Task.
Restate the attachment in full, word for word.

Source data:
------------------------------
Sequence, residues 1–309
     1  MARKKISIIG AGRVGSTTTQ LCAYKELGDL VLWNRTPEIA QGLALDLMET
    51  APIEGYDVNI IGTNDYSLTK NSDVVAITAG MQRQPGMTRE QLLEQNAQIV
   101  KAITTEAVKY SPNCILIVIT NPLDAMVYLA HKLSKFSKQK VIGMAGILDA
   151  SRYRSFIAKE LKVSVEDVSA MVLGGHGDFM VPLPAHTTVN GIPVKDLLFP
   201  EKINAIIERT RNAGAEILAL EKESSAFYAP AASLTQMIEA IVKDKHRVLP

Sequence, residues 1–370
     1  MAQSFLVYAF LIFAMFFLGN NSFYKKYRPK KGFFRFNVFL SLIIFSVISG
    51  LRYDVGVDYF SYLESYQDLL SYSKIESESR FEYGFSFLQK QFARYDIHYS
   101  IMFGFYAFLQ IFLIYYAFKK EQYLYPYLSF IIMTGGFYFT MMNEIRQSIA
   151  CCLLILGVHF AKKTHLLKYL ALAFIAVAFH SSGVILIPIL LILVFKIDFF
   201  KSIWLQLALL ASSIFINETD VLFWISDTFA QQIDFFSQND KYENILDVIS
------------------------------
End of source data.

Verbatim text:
Sequence, residues 1–309
     1  MARKKISIIG AGRVGSTTTQ LCAYKELGDL VLWNRTPEIA QGLALDLMET
    51  APIEGYDVNI IGTNDYSLTK NSDVVAITAG MQRQPGMTRE QLLEQNAQIV
   101  KAITTEAVKY SPNCILIVIT NPLDAMVYLA HKLSKFSKQK VIGMAGILDA
   151  SRYRSFIAKE LKVSVEDVSA MVLGGHGDFM VPLPAHTTVN GIPVKDLLFP
   201  EKINAIIERT RNAGAEILAL EKESSAFYAP AASLTQMIEA IVKDKHRVLP

Sequence, residues 1–370
     1  MAQSFLVYAF LIFAMFFLGN NSFYKKYRPK KGFFRFNVFL SLIIFSVISG
    51  LRYDVGVDYF SYLESYQDLL SYSKIESESR FEYGFSFLQK QFARYDIHYS
   101  IMFGFYAFLQ IFLIYYAFKK EQYLYPYLSF IIMTGGFYFT MMNEIRQSIA
   151  CCLLILGVHF AKKTHLLKYL ALAFIAVAFH SSGVILIPIL LILVFKIDFF
   201  KSIWLQLALL ASSIFINETD VLFWISDTFA QQIDFFSQND KYENILDVIS